Now we have to save this file, but we have to be careful. All the items we created MUST be saved as .bmp files, otherwise known as bitmaps. Since we created a new layer, Photoshop is going to try to save it as a .psd file. But we don’t want that. So when you save (CTRL + S or file –> save) and the box comes up, make sure where it says “Format” you switch it (by scrolling through the list until you see bmp or pressing b) back to .bmp. Then you should just press enter (or click save). Do not change the name. If none appears, just find the original name from the list of files and click on it. Then save. Two boxes will then pop up (“Are you sure . . . ” and “BMP Options”.) Click yes for the first and ok for the second. Just don’t change a thing. Good. You can close that file. (Note —– In Photoshop when you try to close these files, a message will pop up asking you to save the file (it’s still trying to get you to save it as a .psd file. Just click “no”. You will not lose your work. You’ve already saved. No worries.)
Now, you will have two files left. You will not need to copy again, so starting from the paste instructions, repeat.
Ok? All set? Good.
Back to Body Shop. Refresh again and this is what you should get after refreshing:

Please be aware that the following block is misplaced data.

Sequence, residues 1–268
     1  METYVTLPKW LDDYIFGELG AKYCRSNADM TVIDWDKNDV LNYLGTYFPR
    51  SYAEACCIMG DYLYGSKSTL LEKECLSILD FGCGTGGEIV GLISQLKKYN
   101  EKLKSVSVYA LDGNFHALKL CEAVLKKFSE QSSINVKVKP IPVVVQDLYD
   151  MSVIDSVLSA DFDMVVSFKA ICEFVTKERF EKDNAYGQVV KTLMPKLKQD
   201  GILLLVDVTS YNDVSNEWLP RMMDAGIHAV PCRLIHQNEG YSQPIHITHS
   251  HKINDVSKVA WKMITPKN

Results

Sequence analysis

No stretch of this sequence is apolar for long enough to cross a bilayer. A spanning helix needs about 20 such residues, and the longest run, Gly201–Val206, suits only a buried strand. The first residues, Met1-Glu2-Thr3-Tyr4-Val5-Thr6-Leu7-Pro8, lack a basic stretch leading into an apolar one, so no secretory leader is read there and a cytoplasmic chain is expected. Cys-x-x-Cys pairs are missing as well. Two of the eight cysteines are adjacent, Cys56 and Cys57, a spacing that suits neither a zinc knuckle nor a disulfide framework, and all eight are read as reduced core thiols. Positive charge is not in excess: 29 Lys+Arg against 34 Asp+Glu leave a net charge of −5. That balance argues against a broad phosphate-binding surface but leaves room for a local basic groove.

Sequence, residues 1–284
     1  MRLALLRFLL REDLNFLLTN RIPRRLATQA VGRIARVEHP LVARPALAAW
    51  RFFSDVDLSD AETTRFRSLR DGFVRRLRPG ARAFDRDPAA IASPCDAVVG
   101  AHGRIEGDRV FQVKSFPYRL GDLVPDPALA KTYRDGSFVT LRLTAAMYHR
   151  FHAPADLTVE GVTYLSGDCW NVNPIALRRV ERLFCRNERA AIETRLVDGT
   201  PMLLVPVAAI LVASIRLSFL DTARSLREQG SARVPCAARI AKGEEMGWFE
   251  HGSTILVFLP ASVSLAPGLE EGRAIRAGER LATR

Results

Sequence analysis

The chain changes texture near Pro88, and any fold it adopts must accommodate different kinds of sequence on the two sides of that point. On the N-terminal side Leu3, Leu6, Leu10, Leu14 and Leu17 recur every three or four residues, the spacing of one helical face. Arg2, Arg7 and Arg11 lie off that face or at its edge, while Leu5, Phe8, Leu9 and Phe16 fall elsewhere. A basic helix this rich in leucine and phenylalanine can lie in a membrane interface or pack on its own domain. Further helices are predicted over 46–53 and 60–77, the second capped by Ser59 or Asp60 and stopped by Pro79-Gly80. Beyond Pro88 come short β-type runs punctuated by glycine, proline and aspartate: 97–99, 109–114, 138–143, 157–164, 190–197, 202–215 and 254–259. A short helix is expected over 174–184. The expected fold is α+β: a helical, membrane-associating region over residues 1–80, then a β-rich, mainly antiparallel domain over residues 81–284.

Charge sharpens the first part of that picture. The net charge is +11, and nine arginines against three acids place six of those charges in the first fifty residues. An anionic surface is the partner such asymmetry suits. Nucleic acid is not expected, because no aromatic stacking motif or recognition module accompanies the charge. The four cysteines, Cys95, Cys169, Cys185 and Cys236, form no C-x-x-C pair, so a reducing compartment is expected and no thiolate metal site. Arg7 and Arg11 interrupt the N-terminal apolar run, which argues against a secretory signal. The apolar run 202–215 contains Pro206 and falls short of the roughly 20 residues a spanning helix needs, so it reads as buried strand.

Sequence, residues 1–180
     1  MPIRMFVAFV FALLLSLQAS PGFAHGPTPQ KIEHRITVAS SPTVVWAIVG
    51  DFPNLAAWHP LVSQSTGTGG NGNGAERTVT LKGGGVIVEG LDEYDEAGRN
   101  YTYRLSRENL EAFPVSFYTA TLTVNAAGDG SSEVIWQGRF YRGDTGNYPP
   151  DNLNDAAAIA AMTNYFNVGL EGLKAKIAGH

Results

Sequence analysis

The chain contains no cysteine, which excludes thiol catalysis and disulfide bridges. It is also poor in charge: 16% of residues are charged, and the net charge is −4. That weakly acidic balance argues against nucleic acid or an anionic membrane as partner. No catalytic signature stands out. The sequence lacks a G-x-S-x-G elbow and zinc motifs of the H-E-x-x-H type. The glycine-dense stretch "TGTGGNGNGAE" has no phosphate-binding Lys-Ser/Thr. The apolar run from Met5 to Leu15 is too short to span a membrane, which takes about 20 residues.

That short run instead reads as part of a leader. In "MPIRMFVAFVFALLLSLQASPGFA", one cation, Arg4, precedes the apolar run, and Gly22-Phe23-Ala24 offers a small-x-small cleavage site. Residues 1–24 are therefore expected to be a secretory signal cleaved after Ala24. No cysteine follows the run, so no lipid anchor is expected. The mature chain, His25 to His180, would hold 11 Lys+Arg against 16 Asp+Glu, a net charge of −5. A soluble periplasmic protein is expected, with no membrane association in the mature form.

Now, one last thing to do, to completely be finished. The same graphic that before let you “Export” will now say “Import” when hovered over. Click it, and it will send your finished product into your game, and into Body Shop so you can create Sims and upload them to the Exchange (or package them for your own site!). You will be sent then into the same screen you started at, the main hair genetics screen. At the very end you will see a little asterisk looking graphic. Click on it. If you have no other custom hair it will be the only thing there. If not they go in alphabetical order by file name, so it should be quite near the beginning. Also, make sure you have the child Sim clicked, or else you won’t see the appropriate style.
Now, click on the “Build Sims” Button. Build your Sim and see how a finished Sim looks with your hair!
Here is mine! You can download the child from the official site